Common back-pedalling positions are "it's rude or bad for society if people argue about this stuff". Weak. Does that make it true or false? Is avoiding rudeness more important than knowing the truth and making up your own mind? American newspapers must have thought so when they censored the Mohammed cartoons. (There's another one that works well for certain political demographics - the "liberal media" with its political correctness has made it a crime to hurt anybody's feelings.)

What it invariably comes back to is that religious moderates are put off by what they see as the rudeness of the new atheism, and they confound that with truth and falsehood. As Dan Dennett observed, there's just no way through this other than head-on. Atheists are tired of listening to nonsense that threatens human health and life, regardless of how rude it seems to object, regardless of how many people believe it. Once enough people listen to that nonsense, laws start getting passed that force the rest of us to go along with the game. Atheists are tired of that too. There are greater consequences to silence than increased blood pressure.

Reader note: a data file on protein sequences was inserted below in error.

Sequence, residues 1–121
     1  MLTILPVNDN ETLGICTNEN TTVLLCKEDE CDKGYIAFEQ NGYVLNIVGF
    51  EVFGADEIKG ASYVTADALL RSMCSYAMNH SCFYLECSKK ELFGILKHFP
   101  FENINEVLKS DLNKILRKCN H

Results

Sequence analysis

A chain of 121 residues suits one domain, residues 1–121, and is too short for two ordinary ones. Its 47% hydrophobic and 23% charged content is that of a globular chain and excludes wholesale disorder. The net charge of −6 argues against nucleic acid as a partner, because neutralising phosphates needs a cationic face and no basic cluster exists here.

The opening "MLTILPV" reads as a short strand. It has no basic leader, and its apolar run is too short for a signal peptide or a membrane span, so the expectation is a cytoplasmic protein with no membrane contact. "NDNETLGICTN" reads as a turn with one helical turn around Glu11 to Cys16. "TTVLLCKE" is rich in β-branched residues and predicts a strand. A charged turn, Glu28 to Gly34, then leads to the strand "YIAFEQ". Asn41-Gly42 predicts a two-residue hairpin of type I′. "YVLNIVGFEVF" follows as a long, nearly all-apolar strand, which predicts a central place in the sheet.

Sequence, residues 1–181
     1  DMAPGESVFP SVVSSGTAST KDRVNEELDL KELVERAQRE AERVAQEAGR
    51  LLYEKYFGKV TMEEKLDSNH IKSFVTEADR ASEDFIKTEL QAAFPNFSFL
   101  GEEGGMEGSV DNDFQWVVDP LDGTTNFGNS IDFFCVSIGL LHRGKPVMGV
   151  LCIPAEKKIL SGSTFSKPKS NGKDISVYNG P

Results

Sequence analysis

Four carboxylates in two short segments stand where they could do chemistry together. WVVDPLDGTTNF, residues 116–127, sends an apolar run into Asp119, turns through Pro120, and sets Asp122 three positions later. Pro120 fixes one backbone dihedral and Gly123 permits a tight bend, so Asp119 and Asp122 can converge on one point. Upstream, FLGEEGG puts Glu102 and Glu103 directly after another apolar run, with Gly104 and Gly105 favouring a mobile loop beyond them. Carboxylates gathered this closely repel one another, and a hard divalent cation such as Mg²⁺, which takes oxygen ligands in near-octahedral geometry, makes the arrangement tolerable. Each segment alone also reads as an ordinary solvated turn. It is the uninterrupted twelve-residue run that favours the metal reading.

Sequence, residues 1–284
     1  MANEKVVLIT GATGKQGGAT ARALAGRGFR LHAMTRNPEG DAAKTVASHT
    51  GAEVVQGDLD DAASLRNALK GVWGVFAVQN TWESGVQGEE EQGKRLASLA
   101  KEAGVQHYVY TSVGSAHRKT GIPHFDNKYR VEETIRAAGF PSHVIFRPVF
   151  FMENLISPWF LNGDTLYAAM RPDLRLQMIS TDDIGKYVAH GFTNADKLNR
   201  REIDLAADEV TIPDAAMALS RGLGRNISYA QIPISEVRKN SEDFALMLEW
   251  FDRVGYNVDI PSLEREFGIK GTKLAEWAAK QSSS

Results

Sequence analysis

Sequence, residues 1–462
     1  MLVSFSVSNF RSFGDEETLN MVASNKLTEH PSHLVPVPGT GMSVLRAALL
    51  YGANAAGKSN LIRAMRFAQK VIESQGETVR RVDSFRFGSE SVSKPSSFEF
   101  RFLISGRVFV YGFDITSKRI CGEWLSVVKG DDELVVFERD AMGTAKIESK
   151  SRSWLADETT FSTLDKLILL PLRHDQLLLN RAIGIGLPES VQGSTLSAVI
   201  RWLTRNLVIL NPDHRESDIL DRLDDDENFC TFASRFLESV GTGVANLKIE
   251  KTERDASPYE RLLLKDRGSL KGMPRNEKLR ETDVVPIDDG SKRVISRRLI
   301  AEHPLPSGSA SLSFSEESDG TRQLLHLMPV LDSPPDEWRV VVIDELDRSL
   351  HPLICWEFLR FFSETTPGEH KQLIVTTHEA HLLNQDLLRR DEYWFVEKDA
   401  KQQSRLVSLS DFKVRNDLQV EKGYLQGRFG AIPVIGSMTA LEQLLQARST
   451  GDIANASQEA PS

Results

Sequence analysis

And finally - fundamentalists are invariably the first to break off the conversation. That's worth working in so it's in their ear before they walk away - as often, unfortunately, happens.

1 comment:

Dan said...

Mike, you leave poor Jacques out of this!

A concern I have about your proposed line of argumentation is that it still appeals to an "us v. them" duality.

Best case scenario: Fundamentalist walks away angry and confused and you get a laugh.

Worst case scenario:
Small-minded, vocal fundamentalist is floored by your argument and becomes a small-minded, vocal atheist who has a poor grip of critical thinking. Now you've got a low-quality ally to babysit.

Some examples are better off as negative examples.